How about some bridging action? Some heat will escape from an "unheated"
basement so long as it's warmer than outside. A little heat, melting, and
refreezing, and Bingo!, an ice bridge.
And lest you disqualify me because of my geographical location, I lived and
worked in Michigan for seven years.
Fountain E. Conner, P.E.
Gulf Breeze, Fl. 32561
> From: Randy Vogelgesang <rvogel(--nospam--at)jps.net>
> To: seaint(--nospam--at)seaint.org
> Subject: Re: Retaining Wall Surcharge in Snow Country
> Date: Wednesday, June 09, 1999 11:50 PM
> I posted this exact same topic about a year ago and did not receive much
> a response. One thoughtful engineer suggested that frozen soil has no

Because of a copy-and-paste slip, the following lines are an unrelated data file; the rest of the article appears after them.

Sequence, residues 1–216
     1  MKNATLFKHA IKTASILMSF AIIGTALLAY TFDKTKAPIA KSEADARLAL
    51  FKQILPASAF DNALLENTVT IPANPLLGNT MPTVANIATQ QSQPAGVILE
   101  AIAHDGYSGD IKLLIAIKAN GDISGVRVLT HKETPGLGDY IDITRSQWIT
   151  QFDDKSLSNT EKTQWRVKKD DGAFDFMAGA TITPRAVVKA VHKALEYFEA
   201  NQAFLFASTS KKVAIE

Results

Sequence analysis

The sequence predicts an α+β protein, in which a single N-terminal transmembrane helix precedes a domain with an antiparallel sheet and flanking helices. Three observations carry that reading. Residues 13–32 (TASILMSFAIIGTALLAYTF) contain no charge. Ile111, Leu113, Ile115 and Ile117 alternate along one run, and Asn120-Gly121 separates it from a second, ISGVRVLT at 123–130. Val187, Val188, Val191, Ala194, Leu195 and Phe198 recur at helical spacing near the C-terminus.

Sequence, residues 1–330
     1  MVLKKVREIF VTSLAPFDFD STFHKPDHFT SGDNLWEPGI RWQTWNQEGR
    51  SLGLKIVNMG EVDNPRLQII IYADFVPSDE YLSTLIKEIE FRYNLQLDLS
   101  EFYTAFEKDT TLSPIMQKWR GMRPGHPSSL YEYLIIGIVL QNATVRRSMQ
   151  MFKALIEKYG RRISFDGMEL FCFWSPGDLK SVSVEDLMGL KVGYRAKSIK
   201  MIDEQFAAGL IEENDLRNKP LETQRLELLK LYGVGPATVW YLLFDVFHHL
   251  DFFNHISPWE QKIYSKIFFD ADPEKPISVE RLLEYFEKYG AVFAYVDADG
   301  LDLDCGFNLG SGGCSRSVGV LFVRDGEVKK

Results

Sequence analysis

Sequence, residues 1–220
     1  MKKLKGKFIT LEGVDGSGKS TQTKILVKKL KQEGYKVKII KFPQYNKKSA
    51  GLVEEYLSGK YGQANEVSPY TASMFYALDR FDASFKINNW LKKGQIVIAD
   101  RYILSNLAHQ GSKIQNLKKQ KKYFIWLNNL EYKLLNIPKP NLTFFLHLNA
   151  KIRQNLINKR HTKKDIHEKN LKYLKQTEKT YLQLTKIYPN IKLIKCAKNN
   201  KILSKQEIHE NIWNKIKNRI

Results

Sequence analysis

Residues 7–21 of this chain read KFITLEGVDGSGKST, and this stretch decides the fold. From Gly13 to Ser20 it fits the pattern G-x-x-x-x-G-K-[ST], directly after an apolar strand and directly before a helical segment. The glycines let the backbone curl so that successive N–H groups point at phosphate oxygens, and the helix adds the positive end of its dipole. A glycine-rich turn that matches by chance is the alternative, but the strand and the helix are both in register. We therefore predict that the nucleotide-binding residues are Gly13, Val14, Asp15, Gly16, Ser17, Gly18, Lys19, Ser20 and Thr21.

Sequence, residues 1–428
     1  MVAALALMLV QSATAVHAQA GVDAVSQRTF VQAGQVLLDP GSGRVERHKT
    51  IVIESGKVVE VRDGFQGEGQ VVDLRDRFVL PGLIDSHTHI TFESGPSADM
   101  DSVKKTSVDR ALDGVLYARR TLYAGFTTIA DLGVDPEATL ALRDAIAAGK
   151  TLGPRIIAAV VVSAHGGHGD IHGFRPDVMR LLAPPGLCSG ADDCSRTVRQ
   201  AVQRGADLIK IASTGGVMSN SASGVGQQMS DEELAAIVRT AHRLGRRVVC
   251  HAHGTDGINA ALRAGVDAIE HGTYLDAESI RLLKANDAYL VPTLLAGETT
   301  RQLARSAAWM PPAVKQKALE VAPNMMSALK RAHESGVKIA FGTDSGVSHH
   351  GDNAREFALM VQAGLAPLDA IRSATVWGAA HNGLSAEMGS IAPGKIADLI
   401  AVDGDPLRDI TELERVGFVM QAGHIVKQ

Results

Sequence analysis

> active pressure and as a result negates any surcharge. Good point
> our frost line is only 18+ACI-. I personally haven't seen any negative
> of walls that where this surcharge is not considered (even really old
> walls). One possibility is that full active pressure takes along time to
> fully develop and that the FULL ground snow is very seldom on the ground
> ever). Currently the EL Dorado County Building Dept. is looking at this
> subject. I understand that they haven't have had very much input. My
> personal opinion is that the retaining walls seem unaffected by ground
> load and that money required to beef up retaining walls might be better
> spent on other parts of the structure. I will be looking forward to
> on this subject and will forward any relevant info to the EDC building
> Randy Vogelgesang S.E.
> South Lake Tahoe